It was a prudent move for Prime Minister Narendra Modi to revive the e-governance scheme with renewed vigour. As Gujarat chief minister, he has used IT as a tool to improve governance not just at the top level but also at the grassroots levels. It is the success in Gujarat that emboldened him to implement the e-governance scheme at the national level.
But for Digital India to be successful some very tricky questions need urgent attention. The ones which were never asked before; these are, net neutrality, tech neutrality, General Financial Rules (GFR), procurement and payment processes, level playing field and above all inverted duty structures. Till such time India addresses these issues, the clarion calls like Digital India or Make in India will remain short of delivering their objectives.
The broader objective must be to leapfrog from manual processes to state-of-the-art technology that can deliver the desired goal in the most effective way at the least cost. To embrace the best technologies, India has to first decide whether it wants more control or less control over technology inflow. The sheer size of Digital India’s coverage necessitates opening up of the Indian market for greater inflow of technology and processes.
The government recently announced that it shall endeavour to adopt Open Source Software (OSS) in all e-governance systems implemented by various government organisations in building apps and services, as a preferred option in comparison to Closed Source Software (CSS). This is an attempt to ensure efficiency, transparancy and reliability of such services at affordable costs. Albeit, the policy does not state, prima facie, that the OSS has to be for free. The government would be happy to pay for the commercial OSS, e.g., Rad Hat.
As an exception, the policy states that, in certain specialised domains where OSS solutions meeting essential functional requirements may not be available or in case of urgent / strategic need to deploy CSS-based solutions or lack of expertise (skill- set) in identified technologies, the concerned government organisation may consider exceptions, with sufficient justification. Given that there is aleady an undue delay in release of payments to industry across various e-governance projects for years, for lack of either capacity or due to GFR limitations or missing clauses related to services, who is going to take a call on this “justification”?
It is a tricky decision on uncharted waters that Ravi Shankar Prasad, Union Minister for Communications and Information Technology (MoCIT) has to navigate, if Digital India has to happen. The need of the hour is a judicious policy that protects the interest of all stakeholders—consumers and industry—otherwise innovation will be stifled.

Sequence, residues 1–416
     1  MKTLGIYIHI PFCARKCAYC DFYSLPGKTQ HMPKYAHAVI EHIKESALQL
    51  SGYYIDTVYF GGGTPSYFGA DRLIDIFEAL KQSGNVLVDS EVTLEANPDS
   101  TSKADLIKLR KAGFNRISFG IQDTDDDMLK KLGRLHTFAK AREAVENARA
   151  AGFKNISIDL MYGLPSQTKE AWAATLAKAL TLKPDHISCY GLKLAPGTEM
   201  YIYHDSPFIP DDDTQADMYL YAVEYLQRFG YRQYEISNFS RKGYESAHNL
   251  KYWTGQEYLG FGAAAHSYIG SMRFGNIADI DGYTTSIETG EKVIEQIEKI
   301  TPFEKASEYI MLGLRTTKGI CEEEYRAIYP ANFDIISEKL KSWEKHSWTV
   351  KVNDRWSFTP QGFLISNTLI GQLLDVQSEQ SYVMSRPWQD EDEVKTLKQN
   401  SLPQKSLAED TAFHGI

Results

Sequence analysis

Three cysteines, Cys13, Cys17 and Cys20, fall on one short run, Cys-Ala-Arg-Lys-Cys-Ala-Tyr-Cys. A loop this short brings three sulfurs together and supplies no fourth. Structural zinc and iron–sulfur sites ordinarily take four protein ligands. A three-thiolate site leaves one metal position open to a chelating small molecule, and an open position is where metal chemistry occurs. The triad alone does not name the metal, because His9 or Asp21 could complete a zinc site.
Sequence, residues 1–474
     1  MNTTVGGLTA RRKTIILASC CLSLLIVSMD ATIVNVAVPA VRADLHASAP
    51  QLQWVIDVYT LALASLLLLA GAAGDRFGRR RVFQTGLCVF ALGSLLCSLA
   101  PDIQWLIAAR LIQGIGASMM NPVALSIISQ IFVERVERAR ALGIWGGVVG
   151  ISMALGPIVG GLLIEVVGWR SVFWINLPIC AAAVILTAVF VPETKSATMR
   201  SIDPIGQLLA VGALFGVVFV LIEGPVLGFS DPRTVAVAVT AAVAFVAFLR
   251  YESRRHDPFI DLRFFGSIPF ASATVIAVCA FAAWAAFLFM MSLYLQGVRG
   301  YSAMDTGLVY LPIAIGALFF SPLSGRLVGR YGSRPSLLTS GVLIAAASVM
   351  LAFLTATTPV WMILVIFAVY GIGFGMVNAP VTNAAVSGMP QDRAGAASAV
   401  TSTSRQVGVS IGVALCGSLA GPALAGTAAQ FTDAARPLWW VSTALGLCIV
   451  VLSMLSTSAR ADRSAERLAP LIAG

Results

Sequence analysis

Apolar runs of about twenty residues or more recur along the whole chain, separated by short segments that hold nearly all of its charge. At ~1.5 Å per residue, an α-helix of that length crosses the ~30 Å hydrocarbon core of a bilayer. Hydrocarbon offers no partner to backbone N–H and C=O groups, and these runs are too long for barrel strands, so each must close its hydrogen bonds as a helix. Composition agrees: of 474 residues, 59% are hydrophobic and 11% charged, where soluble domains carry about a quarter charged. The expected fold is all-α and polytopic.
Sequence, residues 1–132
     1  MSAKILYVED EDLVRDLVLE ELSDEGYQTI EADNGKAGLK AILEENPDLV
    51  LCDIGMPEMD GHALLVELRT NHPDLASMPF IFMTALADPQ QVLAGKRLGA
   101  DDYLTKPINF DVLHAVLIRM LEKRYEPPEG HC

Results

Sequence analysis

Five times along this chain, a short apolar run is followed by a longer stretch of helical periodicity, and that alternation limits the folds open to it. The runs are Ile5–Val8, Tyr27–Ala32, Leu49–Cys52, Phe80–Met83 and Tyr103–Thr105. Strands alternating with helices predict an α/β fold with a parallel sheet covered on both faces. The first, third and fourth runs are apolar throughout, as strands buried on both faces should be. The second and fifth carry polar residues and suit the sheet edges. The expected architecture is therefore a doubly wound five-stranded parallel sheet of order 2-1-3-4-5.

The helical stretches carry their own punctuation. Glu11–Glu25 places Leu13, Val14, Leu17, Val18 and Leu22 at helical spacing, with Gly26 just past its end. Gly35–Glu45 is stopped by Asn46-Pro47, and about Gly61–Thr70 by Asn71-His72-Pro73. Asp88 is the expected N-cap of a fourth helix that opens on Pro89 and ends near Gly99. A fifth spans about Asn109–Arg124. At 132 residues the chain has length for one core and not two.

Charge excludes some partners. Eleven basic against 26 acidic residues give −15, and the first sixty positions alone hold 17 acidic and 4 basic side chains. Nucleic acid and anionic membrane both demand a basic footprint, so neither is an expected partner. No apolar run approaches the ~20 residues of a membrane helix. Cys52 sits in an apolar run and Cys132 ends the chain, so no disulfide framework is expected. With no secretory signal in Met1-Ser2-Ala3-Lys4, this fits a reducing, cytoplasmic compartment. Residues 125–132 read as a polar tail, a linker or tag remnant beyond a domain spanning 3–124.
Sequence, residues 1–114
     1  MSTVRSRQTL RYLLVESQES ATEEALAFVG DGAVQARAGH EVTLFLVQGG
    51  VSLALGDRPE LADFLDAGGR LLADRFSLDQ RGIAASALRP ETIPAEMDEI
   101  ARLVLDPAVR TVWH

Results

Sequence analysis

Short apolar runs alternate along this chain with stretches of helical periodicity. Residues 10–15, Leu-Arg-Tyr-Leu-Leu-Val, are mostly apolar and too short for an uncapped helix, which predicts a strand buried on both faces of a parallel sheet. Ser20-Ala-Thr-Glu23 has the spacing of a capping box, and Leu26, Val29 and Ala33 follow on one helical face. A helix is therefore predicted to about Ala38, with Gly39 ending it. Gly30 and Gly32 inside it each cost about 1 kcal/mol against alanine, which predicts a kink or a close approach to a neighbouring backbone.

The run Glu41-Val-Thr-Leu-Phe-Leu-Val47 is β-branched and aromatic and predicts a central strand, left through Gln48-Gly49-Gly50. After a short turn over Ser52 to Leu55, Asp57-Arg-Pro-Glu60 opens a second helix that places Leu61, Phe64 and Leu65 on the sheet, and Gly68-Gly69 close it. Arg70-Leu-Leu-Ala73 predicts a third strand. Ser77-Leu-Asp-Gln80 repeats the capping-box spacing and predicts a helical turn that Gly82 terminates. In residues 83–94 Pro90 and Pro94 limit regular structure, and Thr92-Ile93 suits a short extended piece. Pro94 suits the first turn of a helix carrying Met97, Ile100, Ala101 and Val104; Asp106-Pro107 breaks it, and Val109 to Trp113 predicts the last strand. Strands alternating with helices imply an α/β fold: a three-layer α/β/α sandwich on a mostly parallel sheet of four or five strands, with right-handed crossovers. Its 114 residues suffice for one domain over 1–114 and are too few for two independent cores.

If one talks of transparancy, only one or two companies are selling Commercial OSS (COSS), ipso facto implies that a monopoly or duopoly is being created by law. The National Informatics Centre and Department of Electronics and Information Technology (DeitY) under UPA regime have attempted to do this by stealth without having any stated policy.
The question arises, do the government departments have the capacity to decide between OSS and CSS options with respect to capability, scalability, security, life-time costs and support requirements? This, when the procurement system itself needs to go through an overhaul. Who is going to assess the functional requirements and the matching skill-set required for installations across the country or are we propagating islands of e-governance projects that do not scale? Then what is going to be different now compared to the last ten years of National e-Governance Plan (NeGP)?
Extreme caution needs to be exercised that India does not leap backward to pre-1991 days when markets did not dictate anything. Instead, it was license-permit sarkar would determine business success. It’s time to allow a million flowers bloom with a level-playing field leaving technology choices to the market forces.
Net neutrality flows from tech neutrality. If the government is envisaging leveraging telecom infrastructure to enable web economy thereby ensuring equitable and inclusive development across the nation by enhancing affordabiliy, increased access and delivery of multiple services at reduced cost, then how is this going to be different in terms of tech neutrality? The government’s stand needs to be consistent when it comes to tech neutrality as well.